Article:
Libraries and IT Share Very Similar Challenges

Today I was reading the summary of a recent Ithaka S+R library survey about “strategy and leadership issues from the perspective of academic library deans and directors.”  What really struck me was the similarity between those issues and ones I know I and my CIO colleagues face in higher education IT.  In most cases, it’s just a question of language choices or content focus that define these problems and library instead of IT challenges.

Because I don’t want to lose any context, I’m going to quote each recommendation in full and then comment on it after.

Library directors anticipate increased resource allocation towards services and predict the most growth for positions related to teaching and research support. Nearly half of respondents indicated that their library is increasing the share of staffing and budget devoted to developing and improving services that support teaching, learning, and research. The positions for which respondents anticipate the most growth in the next five years include those related to instruction, instructional design, information literacy, and specialized faculty research support.

Here replacing “library directors” with “CIO” and “library” with “IT” yields a statement that could just as easily have come from an EDUCAUSE top ten issues article.  As both libraries and IT move from a “utility” provider (and here I’m going to blasphemously pile physical collections and journal/database access in with network connectivity and desktop computers as a utility service) to a strategic partner, both need to find a way to think of the services they need to provide to make faculty successful rather than just the access they provide.

Library directors are deeply committed to supporting student success, yet many find it difficult to articulate these contributions. Approximately eight in ten respondents indicated that the most important priority for their library is supporting student success, although only about half of respondents reported that their library has clearly articulated how it contributes towards student success. While roughly eight in ten library directors agreed that librarians at their institutions contribute significantly to student learning in a variety of ways, only about half of faculty members from the Ithaka S+R Faculty Survey 2015 recognized these contributions.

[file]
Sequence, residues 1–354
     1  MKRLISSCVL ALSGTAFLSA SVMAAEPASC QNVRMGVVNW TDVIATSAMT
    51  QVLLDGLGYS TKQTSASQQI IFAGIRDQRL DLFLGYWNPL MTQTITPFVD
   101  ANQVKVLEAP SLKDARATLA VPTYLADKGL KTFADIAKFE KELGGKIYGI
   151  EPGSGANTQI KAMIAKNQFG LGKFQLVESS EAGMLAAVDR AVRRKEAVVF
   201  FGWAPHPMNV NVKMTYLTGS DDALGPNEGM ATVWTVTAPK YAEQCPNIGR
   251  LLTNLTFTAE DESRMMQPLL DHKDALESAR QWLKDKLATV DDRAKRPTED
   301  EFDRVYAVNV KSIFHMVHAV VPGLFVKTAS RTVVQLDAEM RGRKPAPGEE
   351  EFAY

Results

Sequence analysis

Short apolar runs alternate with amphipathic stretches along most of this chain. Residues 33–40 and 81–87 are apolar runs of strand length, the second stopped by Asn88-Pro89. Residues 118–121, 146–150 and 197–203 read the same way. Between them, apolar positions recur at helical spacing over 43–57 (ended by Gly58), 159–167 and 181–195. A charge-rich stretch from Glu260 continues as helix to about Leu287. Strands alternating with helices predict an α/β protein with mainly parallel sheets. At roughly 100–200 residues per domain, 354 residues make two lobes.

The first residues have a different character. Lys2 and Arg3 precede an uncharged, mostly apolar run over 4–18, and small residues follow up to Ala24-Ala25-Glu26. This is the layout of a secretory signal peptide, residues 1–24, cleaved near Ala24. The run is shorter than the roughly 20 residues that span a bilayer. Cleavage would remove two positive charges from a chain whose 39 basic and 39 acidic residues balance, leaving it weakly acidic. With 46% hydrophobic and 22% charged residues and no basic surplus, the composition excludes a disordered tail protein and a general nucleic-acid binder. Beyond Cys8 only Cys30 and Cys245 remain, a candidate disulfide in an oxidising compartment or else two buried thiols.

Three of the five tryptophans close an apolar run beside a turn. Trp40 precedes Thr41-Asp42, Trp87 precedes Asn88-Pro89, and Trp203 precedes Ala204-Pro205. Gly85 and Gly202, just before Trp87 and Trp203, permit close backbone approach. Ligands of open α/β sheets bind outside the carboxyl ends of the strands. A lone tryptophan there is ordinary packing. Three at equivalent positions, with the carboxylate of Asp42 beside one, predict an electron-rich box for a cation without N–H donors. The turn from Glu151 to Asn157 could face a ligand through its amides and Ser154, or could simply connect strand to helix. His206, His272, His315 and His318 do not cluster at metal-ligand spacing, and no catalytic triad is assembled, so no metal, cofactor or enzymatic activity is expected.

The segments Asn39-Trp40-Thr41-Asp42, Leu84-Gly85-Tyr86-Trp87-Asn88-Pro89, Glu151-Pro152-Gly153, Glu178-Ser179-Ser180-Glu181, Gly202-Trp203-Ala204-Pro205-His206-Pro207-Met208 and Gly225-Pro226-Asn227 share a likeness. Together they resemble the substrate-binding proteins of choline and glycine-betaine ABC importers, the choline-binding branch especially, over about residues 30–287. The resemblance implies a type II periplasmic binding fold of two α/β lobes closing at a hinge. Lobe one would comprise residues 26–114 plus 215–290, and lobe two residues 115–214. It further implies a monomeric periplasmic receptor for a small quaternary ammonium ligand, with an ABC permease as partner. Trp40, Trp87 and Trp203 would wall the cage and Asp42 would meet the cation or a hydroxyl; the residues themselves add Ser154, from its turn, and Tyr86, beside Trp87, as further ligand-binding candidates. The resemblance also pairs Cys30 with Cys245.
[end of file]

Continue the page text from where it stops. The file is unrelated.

This ones a little trickier, and I think in this case the librarians are ahead of the IT folks.  My higher ed background is in Student Affairs, so I know I think constantly about student success.  I’m also at an institution that serves underprepared and underserved students, so student success is baked into our mission.  But if I look generally my sense is student success isn’t always at the forefront for the “average” CIO, and I’d be hesitant to bet we could match that 80% mark the librarians hit.  There is something in here that will ring true for almost every CIO though, the idea that we haven’t clearly articulated how we contribute towards student success.  When IT is seen as a utility service, it’s like trying to argue that having power and water on campus contribute to student success.  Sure, it’s probably true, but almost everyone is going to roll their eyes at you when you suggest it.  So perhaps that shift from utility provider to strategic partner is the bridge that would make this articulation easier.

Collections have been digitally transformed, and directors are interested in expanding their collecting to include more non-textual materials. Library leaders continue to report increased spending on e-resources, accompanied by decreased spending on print resources, and expect spending to continue in this direction. There is also evidence that dependence on these e-resources has potentially peaked, as respondents are already highly reliant on these formats of resources. Meanwhile, although library directors have predicted little change for the share of the library’s material budget devoted to items outside of journals, databases, and books, a large majority of respondents agreed that libraries must shift their collecting to include new material types.